But this goes beyond Woodward, for he writes about Coats- who is not a fool and was working in the administration in a serious job in intelligence and has a serious history in his profession -believed that Putin HAD something on Trump, implying either (a) an incorrect assessment of the situation or (b) that there WAS (past tense) something but has since ceased to have said thing over him- for the sake of irony, perhaps a “Trump card” of sorts.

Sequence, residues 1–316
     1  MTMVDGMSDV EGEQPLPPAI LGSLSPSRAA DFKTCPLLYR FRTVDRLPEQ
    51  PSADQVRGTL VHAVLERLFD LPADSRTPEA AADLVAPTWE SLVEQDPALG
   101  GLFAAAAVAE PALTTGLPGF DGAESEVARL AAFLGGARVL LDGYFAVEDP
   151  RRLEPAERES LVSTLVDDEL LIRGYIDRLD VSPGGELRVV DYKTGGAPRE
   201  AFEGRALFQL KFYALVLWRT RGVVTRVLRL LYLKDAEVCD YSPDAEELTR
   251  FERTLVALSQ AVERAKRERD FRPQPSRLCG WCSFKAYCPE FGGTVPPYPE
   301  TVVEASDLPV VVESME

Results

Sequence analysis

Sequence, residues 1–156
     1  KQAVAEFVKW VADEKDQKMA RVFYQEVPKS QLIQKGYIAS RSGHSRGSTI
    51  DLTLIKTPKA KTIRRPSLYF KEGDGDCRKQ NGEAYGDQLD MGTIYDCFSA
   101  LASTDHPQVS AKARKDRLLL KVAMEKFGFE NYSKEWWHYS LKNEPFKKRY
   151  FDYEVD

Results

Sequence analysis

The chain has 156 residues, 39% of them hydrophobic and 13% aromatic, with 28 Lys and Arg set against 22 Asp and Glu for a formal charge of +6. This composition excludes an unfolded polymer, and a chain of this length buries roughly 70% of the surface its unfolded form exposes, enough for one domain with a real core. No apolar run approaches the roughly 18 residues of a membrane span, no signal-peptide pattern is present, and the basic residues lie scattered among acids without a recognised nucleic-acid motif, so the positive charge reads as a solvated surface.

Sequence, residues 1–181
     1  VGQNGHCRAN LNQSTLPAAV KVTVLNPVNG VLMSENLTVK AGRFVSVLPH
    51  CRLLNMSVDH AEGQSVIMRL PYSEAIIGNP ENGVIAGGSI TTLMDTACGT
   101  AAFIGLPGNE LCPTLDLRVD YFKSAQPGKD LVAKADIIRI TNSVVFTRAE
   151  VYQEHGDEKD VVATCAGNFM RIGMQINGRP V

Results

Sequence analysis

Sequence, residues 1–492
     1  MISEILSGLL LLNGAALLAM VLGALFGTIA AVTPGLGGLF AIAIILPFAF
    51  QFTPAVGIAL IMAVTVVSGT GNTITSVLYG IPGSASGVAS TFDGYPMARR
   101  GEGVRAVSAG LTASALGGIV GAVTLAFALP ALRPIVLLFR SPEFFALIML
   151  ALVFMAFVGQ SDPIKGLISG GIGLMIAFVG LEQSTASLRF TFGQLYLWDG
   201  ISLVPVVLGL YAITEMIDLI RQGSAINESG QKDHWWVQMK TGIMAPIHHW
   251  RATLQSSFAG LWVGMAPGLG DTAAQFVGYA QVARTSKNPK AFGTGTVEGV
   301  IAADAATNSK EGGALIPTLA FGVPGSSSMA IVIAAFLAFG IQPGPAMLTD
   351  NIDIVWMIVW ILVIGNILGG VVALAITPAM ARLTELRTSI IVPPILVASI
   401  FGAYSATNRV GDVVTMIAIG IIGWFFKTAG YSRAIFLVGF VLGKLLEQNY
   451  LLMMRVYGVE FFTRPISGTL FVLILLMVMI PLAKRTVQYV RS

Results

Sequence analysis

What that is- if it actually existed -we do not know and may never know. What we do know is that fighting between the USA and Russia is very common, as it is an extension of the Great Game, and that in spite of Russia’s serious decline, she is playing very strong games against the US and given Trump’s ties to Russia, it would not be uncharacteristic of him to have done something unpleasing that could be used against him. Such is the story of many intelligence agencies throughout history no matter what the nation is. Indeed, something that can be said about the Russian intelligence, in addition to their highly skilled efforts at bluffing and history of using poison to assassinate political or social enemies, is that they are excellent at spying on and blackmailing people over personal matters, probably equal to the Americans (from personal assessment), but less effective in applying said blackmail or keeping their particular “cards” under the “poker table”, and because of this what may be a clever plan can seem to evolve into a “Boris and Natasha” type scheme.